While it’s easy, and understandable, to get angry at a company like Tiko 3D for promising what they couldn’t deliver, Armani believes that the fault lies also with Kickstarter and other similar crowdfunding platforms themselves. Sure, Tiko 3D made mistakes, and to their credit, they realized and admitted to them in their letter to backers, but the fault doesn’t lie entirely with them.
“A lot of companies take money and don’t know what to do with it. In the case of Tiko, it may not have been totally viable,” Armani continued. “For them to take $3 million and already have to commit almost $2 million of it just to cost of goods and fees, it basically means that they would have had to have a completed project of 100% scalable design ready to go, and still not have a lot of money for salaries, advertising. So in their case, they should have taken…investments pretty much on day one when they had the maximum hype. That’s a big mistake on their part.
I would say hubris, overconfidence, is definitely an issue in this industry. We had some of it ourselves, but we’re lucky we were able to pull out of it…but I really think that the problem is the platform itself. What Kickstarter or some new platform needs to do is to investigate the feasibility of the technology as it’s presented. Kickstarter’s really divorced itself of being a judge. They need to investigate the credibility of the creators themselves. When the projects fail, they should show some sort of good will, even if it’s just refunding the 5%. It’s not a matter of getting back five dollars out of a hundred, it’s the intent. Kickstarter’s saying, well, we don’t care about you. People are really picking up on that feeling. I’ve got a list of hundreds of comments where people are saying ‘I backed 39 projects, but I’m just done. Kickstarter doesn’t care about me, so why should I continue to support this platform?'”
One suggestion, he says, is a tiered system in which a backer could commit, for example, $100, but only a percentage would go to the company until they proved they had hit some sort of milestone, at which point an additional percentage would be released, and so on – much like the system that venture capitalists use.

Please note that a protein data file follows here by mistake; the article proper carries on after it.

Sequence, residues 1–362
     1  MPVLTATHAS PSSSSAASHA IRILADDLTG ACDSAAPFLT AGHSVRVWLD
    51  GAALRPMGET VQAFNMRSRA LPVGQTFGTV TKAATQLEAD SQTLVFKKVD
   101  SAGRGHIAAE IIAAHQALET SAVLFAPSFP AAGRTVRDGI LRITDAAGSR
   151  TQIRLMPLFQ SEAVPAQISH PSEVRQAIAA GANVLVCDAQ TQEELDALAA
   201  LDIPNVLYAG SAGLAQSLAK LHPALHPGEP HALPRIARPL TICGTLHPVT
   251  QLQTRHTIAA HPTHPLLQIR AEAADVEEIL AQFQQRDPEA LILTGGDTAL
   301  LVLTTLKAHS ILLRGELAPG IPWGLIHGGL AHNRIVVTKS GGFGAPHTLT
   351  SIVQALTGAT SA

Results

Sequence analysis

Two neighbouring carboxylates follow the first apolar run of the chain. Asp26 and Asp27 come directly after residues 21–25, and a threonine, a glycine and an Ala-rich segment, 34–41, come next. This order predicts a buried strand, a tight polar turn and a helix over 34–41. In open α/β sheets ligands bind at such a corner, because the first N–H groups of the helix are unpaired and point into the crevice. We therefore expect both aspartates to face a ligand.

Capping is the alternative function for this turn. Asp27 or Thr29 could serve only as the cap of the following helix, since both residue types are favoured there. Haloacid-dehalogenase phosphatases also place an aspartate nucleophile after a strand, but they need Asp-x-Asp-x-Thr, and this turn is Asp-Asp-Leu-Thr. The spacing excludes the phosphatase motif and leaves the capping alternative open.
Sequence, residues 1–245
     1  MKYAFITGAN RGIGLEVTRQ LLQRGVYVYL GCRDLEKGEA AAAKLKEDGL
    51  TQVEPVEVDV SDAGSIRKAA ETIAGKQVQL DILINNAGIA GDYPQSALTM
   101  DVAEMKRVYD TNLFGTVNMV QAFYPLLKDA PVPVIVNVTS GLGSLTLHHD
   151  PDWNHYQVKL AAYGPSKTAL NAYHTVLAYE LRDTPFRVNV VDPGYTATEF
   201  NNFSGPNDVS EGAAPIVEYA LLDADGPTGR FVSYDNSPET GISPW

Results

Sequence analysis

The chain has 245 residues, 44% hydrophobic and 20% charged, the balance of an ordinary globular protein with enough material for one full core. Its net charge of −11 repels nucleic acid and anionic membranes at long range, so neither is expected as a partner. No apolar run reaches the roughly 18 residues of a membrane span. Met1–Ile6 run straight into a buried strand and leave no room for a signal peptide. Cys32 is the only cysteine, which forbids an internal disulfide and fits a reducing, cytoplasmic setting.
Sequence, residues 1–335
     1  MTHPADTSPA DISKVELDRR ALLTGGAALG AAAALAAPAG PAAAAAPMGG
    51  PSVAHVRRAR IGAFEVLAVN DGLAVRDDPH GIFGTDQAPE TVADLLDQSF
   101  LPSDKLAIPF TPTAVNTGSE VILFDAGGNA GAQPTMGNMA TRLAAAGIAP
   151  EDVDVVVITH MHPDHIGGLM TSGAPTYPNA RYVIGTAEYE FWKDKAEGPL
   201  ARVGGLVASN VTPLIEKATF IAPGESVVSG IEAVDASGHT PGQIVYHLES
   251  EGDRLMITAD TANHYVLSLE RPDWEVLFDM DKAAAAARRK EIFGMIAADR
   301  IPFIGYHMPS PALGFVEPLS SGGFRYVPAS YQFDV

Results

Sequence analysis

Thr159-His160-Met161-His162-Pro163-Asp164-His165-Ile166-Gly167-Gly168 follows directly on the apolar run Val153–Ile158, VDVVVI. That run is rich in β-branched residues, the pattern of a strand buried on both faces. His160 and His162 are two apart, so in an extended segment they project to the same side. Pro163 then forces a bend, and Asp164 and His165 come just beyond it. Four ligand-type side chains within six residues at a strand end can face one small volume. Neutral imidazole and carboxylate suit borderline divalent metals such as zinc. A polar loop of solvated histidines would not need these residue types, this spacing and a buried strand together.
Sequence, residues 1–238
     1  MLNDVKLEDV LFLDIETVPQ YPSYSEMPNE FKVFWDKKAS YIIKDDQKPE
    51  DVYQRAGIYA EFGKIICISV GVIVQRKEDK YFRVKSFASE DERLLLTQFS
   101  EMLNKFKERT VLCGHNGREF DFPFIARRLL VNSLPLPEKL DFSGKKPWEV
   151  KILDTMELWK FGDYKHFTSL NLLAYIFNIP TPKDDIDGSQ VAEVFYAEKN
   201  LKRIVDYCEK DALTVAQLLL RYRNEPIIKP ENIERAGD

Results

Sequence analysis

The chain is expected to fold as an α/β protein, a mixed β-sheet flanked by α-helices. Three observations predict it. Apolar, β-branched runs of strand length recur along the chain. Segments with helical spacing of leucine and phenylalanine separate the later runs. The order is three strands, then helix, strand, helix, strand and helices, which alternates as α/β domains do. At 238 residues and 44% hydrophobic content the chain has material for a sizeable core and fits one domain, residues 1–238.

“That way there’s less risk to the backers,” he explained. “Another thing the platforms could do is take all of the different people in the same weight class, all of the different creators who have raised between $200,000 and $1 million, and have them talk to each other in a behind the scenes forum and pick each other’s brains.
There’s really no support. This is something we see with tech – maybe a little bit with design and game projects, but it doesn’t seem to be anywhere near as pervasive in the other categories, so it really looks more like a lack with Kickstarter and Indiegogo as a platform to be able to cater to tech….The complexity of a tech product, especially a 3D printer, is so extreme, and it’s so competitive on top of that, that someone needs to be able to evaluate these guys differently.”
Does that mean a crowdfunding platform should exist solely for tech projects? Possibly, Armani says – the niche is there for it, and he’s interested in exploring the idea himself in the future. As someone who knows crowdfunding inside and out, and who has seen so much success from it, he wants to take on a larger role in the field, advising young companies who are trying to build viable businesses. He’s currently writing a book called Death Valley Curve, which refers to the period of time between when a startup receives initial investments and when it actually starts generating revenue. Many, many startups fail during that time, and there’s a serious lack of advice out there on how to navigate that tricky period, Armani says.
“98% of the content out there is about how to get crowdfunding money, or how to launch a campaign, or how to do a prototype of your idea, and then nobody talks about what to do once you finally have money,” he told me.
“I think it’s important for (M3D) to try to fill out that void of leadership that 3D printing is seeing… There was a hype bubble that was driven in 2014, and that hype bubble has now returned to an underlying trend. The underlying trend is people who are creative thinkers, people that have great ideas, who want to start businesses, are buying printers and using them for as many applications as there are buyers. That market is still continuing, growing, but…all the MakerBot-style layoffs and CEO firings that we’ve seen have really taken away from the heartbeat and the mojo of this field. So hopefully in the next few months we can become a leader and start re-engaging and exciting people.”
Experiences like Armani’s are an undervalued commodity in a field rich with startups, which could seriously benefit from the voice of success. Kickstarter – and all crowdfunding platforms – remain something of a Wild West in the tech sector, and backing any campaign is never a guarantee for either the company nor the backer. With initiatives like M3D’s ‘backer rescue’ in this case, we also see that the community can come together to bail one another out, showing that the heart of the maker movement is still beating. Discuss in the Tiko M3D forum at 3DPB.com.